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Jennifer Markarian is manufacturing editor of Pharmaceutical Technology.
Process analytical technology and advanced process control strategies can be applied to either batch or continuous manufacturing of solid-dosage drugs.
Forward-thinking oral solid-dosage (OSD) drug manufacturers are working toward advanced process control (APC), which uses in-line measurements of process and end-product parameters as feedback to enable closed-loop control of either batch or continuous manufacturing processes. This control improves end-product quality and process reliability, robustness, and productivity. APC is in contrast to traditional control strategies, which do not have direct control of product properties but instead aim to keep process inputs at a setpoint (1). In APC, process variables are adjusted to keep the product within specification and reduce variability, taking into account any uncontrolled fluctuations in the input variables (e.g., from raw materials or equipment). Model-predictive control (MPC) is an APC technique that uses a model to predict how disturbances to input variables will affect the output.
Process analytical technology (PAT) is a crucial piece of the control system. Analytical data can come from instruments such as near infrared spectroscopy (NIR) as well as from soft sensors, which correlate properties based on measured process variables, such as feedrates or temperature (2). There is an ongoing debate over whether soft sensors or spectroscopic data are more reliable for determining product quality, and in many cases, both are being used in parallel. The current best practice, discussed in presentations at the International Foundation for Process Analytical Chemistry’s (IFPAC’s) 2018 annual meeting in February, is to use redundant measurements and assume that product quality is in specification only when measurements agree.
Although both spectroscopy and soft sensors use models to correlate measurements to product properties, spectroscopic PAT models are more complex and require more maintenance (i.e., to check that the model continues to be accurate over time). NIR models, for example, are built for specific throughput ranges and specific raw materials, and a significant change might make a model invalid (2). One of the challenges for the industry, noted experts at IFPAC, is to validate and maintain models throughout the product lifecycle.
APC is important for OSD continuous manufacturing because the unit operations are integrated, and a change in one will directly affect the others. Residence-time distribution (RTD) and flow-sheet models are tools for understanding how the material moves through the integrated system. They can be used to help determine when a disturbance in an input will be felt in the next operation, so that the process can be brought back into control and out-of-specification product can be diverted.
These tools are being used for continuous manufacturing processes, noted presenters at IFPAC. Additional tools are also being developed. For example, researchers at the Center for Structured Organic Particulate Systems at Rutgers University have developed a software prototype for tracing materials and keeping track of which lots of raw materials are used in different product lots (3).
The control of raw material feedstreams (e.g., excipient, API, lubricant) is more important for a continuous process than for a batch process. Modern, loss-in-weight (i.e., gravimetric) feeders, however, which have been used for many years in other process industries as well as in pharmaceutical manufacturing, can accurately dose at even parts-per-million levels and can be integrated into APC. Although feeder data have been shown as reliable, whether a drug product could be released solely on feeder data for blend content uniformity is still an issue being researched and debated by industry and regulators.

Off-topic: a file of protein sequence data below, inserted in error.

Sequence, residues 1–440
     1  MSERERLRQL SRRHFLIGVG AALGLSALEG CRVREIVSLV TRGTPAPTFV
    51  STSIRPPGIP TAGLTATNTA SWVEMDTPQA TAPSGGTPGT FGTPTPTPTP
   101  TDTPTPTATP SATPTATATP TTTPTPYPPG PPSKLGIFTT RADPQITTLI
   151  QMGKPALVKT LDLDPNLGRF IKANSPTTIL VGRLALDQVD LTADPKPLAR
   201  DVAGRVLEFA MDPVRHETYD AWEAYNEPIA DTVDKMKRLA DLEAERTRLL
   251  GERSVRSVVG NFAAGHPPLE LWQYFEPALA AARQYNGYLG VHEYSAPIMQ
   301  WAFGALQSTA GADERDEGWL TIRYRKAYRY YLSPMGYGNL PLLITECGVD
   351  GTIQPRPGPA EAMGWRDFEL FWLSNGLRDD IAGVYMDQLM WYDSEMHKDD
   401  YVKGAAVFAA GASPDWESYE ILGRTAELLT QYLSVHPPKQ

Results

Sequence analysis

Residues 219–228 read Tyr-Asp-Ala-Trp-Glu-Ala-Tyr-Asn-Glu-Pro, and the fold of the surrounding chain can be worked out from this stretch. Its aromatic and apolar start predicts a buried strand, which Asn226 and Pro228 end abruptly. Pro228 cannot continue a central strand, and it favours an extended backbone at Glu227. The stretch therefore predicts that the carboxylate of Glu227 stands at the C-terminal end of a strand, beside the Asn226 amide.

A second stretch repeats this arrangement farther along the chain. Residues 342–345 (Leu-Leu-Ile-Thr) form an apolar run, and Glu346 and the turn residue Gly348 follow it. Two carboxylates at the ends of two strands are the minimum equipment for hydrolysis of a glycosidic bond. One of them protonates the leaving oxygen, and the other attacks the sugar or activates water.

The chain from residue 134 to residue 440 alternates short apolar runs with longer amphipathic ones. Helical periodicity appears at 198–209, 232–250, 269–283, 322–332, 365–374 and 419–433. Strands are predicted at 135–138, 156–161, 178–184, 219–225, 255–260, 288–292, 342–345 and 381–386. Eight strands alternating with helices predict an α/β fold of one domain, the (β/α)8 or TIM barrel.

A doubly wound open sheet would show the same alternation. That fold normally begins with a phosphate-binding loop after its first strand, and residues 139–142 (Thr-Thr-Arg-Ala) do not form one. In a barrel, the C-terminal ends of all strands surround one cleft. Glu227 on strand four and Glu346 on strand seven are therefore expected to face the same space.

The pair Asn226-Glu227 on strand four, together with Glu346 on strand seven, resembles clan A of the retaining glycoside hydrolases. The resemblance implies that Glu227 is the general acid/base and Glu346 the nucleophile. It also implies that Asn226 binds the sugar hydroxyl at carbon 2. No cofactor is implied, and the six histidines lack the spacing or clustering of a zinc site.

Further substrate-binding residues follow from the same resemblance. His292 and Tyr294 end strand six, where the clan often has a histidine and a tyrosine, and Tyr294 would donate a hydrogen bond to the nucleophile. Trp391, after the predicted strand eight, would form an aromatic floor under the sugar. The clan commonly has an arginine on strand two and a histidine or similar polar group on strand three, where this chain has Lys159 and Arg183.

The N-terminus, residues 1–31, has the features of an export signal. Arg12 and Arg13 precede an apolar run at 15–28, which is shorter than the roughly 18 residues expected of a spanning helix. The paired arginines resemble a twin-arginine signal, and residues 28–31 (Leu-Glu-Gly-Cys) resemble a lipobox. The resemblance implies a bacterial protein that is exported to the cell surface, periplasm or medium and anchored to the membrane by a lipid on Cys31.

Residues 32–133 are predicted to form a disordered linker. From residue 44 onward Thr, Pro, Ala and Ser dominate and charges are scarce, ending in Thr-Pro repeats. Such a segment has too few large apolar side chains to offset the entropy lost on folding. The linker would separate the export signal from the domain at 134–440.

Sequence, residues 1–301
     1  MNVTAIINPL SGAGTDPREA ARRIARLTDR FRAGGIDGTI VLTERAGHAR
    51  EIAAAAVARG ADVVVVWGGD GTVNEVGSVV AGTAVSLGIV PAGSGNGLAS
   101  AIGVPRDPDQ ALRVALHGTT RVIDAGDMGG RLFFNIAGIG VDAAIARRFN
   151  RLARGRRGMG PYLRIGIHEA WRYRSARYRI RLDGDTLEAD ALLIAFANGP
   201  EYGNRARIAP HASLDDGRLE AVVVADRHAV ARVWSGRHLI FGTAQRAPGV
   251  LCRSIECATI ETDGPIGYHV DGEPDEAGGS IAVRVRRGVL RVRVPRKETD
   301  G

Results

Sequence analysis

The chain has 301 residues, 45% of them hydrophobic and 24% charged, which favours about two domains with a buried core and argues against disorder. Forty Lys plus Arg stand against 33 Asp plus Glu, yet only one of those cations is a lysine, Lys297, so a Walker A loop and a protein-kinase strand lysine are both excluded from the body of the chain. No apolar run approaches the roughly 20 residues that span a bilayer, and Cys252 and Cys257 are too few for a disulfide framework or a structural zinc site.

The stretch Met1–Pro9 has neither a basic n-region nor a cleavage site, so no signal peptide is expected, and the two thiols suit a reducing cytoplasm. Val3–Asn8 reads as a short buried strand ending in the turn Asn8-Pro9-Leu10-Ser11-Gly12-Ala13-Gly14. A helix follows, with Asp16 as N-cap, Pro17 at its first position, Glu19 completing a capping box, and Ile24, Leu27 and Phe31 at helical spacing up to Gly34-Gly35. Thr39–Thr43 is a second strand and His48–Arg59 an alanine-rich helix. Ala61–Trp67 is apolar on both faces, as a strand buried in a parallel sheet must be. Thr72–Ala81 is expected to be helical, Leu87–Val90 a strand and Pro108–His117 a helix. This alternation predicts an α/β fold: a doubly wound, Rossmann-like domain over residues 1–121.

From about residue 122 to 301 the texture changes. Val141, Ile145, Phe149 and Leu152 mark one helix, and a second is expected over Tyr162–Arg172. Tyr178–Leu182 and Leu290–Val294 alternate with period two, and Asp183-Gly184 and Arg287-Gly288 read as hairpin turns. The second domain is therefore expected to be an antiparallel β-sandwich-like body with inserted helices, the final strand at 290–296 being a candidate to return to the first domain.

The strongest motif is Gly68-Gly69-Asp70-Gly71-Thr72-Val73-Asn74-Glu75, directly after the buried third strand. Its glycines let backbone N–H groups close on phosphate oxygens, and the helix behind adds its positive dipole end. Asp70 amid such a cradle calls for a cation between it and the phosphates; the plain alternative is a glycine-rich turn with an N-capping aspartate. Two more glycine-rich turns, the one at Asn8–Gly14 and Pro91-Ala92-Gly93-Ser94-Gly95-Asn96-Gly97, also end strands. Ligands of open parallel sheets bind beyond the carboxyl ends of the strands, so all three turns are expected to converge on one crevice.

APC can benefit batch processes too (1). Innopharma Labs, for example, recently launched a PAT and software control system for batch manufacturing of OSD drugs. The Smart FB suite of technologies is being tested at the company’s R&D facility in Dublin. Although continuous manufacturing may represent the future, it makes sense to retrofit existing batch processes using smart, automated control systems now, says Ian Jones, CEO Innopharma Labs (4).
These topics will be discussed further in an INTERPHEX Keynote Series: Oral Solid-Dosage Manufacturing on Tuesday, April 17, 2018. Ian Jones, CEO Innopharma Labs, will present “Employing Internet of Things and PAT for Solid Dosage Forms Manufacturing” at 10:30 am. At 11 am, Dennis Powers, director of Sales Engineering, G-CON Manufacturing, will give an update on the PCMM (Portable, Continuous, Miniature, and Modular) OSD Manufacturing Facility Platform. And at 11:30, a panel of experts will participate in a roundtable discussion of best practices for implementation of continuous manufacturing for OSD, which will include topics such as configuring feeding equipment, optimizing startup and changeover, handling cleaning and maintenance, and other equipment and system implementation issues. All sessions, held on the show floor’s Innovation Stage, are free to INTERPHEX exhibit attendees.
1. J. Huang and D. Lauri Pla, “GMP Implementation of Advanced Process Control in Tablet Manufacturing,” (Mar. 16, 2017) www.americanpharmaceuticalreview.com/Featured-Articles/335415-GMP-Implementation-of-Advanced-Process-Control-in-Tablet-Manufacturing/, accessed Mar.12, 2018.
2. J. Markarian, “Using Spectroscopic and Virtual Sensor PAT in Continuous Solid-Dosage Manufacturing,” (Feb. 14, 2017) www.pharmtech.com/using-spectroscopic-and-virtual-sensor-pat-continuous-solid-dosage-manufacturing, accessed Mar.12, 2018.
3. M. Billups and R. Singh, Pharm. Tech. 42 (2) 32-35, 59 (2018).
4. A. Shanley, Pharm. Tech. Solid Dosage Drug Development and Manufacturing Supplement s25–s28 (March 2018).